Dr. Zhao and colleagues in the Laboratory of Proteomics and Protein Modifications are also applying new bioinformatics tools that they have developed to gain a better understanding of PTMs and how they work alone, as well as in combination with other PTMs. One such tool is called PTMap, a sequence alignment software enabling identification of all the known PTMs and novel PTMs, a research area that has been largely overlooked.
Cancer Researchers Share Lab with High School Students
We are forced to take a ‘birds eye’ view of our work reminds us of the importance of our research.
–M. Eileen Dolan, PhD
Four Chicago high school students learned what it is like to perform medical research during an 8-week program at UChicago this summer. Sponsored by the Illinois Division of the American Cancer Society (ACS), the program’s goal is to introduce high school juniors to scientific research—specifically cancer research—to promote career opportunities in the fields related to cancer.
“This program is important because it allows high school-level students to gain experience in a ‘real life’ cancer laboratory setting,” said Professor of Medicine M. Eileen Dolan, PhD, who has been instrumental in helping ACS develop the program since its inception in 2003. “Students are exposed to faculty who have dedicated their careers to cancer research making them excellent role models.”
The students worked on activities involving breast cancer, lung cancer, acute myeloid
leukemia (AML), and optimal X-ray imaging.
Alexandra Rojek of Northside College Prep was paired with Patrick La Riviere, PhD, assistant professor of radiology, on a project involving imaging zebrafish, a simple vertebrate that serves as a model research organism.
“Using synchrotron-based microCT, which is similar to a CT scan for humans but at a microscopic level, we apply heavy metal-based stains to the zebrafish that bring out contrast you wouldn’t normally see in X-rays,” Dr. La Riviere explained. “We end up with a 3D X-ray image that allows us to see individual cells across an entire organism.”
Rojek’s role in the project was to optimize some of the imaging parameters—in particular, she needed to determine which X-ray energy would provide the highest-contrast images for different metal stains and different sized zebrafish.
“This was a completely different experience from what I’ve been exposed to in high school,” said Rojek. “It was overwhelming at first, but it was very exciting to gain a good grasp of all of these concepts and work with real data.”
Classmate Mary Mussman of Northside College Prep worked with Maryellen Giger, PhD, professor and vice chair of research in the Department of Radiology. Her project involved image-based biomarkers for the assessment of breast cancer risk. “Mary analyzed the parenchymal pattern on digital mammograms and breast MR images and extracted features related to the texture and dynamic characteristics of the parenchymal pattern,” said Dr. Giger. “Mary is continuing to evaluate these image-based risk signatures in terms of distinguishing between women at high risk for breast cancer and those at low risk.”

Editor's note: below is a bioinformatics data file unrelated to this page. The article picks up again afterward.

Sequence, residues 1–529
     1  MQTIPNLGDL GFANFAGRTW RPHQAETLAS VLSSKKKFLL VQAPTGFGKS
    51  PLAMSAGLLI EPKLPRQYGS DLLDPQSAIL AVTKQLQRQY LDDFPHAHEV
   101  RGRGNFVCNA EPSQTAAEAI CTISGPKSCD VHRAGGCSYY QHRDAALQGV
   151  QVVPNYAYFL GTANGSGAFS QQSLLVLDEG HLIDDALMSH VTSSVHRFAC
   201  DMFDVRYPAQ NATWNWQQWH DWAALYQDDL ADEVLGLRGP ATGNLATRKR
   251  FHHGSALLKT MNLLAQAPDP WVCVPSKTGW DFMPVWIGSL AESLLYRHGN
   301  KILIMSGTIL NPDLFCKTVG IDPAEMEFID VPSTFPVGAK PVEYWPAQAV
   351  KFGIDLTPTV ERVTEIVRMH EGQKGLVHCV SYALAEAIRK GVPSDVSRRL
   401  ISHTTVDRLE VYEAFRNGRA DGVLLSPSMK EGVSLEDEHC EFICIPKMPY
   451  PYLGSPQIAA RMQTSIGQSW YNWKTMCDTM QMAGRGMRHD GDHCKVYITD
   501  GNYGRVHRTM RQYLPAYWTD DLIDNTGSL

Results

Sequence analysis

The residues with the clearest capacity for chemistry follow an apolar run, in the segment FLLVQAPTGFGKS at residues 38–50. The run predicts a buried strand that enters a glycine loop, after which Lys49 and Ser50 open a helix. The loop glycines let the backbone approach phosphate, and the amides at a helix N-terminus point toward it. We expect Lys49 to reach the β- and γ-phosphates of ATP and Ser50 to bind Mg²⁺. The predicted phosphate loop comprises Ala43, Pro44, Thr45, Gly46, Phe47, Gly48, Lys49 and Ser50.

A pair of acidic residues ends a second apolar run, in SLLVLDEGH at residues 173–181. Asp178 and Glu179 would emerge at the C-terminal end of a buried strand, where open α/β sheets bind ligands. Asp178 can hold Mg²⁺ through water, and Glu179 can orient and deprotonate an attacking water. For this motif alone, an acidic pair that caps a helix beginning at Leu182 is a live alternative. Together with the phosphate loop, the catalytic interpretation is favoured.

Noelle Bradley of St. Ignatius College Prep was paired with Rifat Hasina, DDS, PhD, assistant professor of medicine. “We worked on a project involving a focal adhesion protein called paxillin, which is very important in signal transduction pathways and has been found to be aberrant in lung cancer,” noted Dr. Hasina. “Noelle’s assignment was to work on a genetically altered version of paxillin and systemically define how a mutated gene affects the progression of cancer.”
Brittany Hughes of Lane Tech College Prep worked with Kenan Onel, MD, PhD, assistant professor of pediatrics. “Brittany’s primary project was to help us understand how AML cells respond to chemotherapy in order to design efficient screens for new drugs to treat patients with AML,” Dr. Onel said.
The learning experience that comes with this program tends to go both ways. “Articulating what we are working on at a high school level helps us think about our research in very broad terms,” said Dr. Dolan. “We are forced to take a ‘birds eye’ view of our work, which reminds us of the importance of our research.”
Prior to participating in the program Rojek planned on majoring in biology and chemistry in college. She is now rethinking her decision. “After getting over the frustration of getting things wrong, it’s been very exciting to learn new concepts and be exposed to a new field of science,” she said. “With my zebrafish project, it turned out that different fluctuations in density or length indicated an optimal energy that was nowhere near what I had expected.”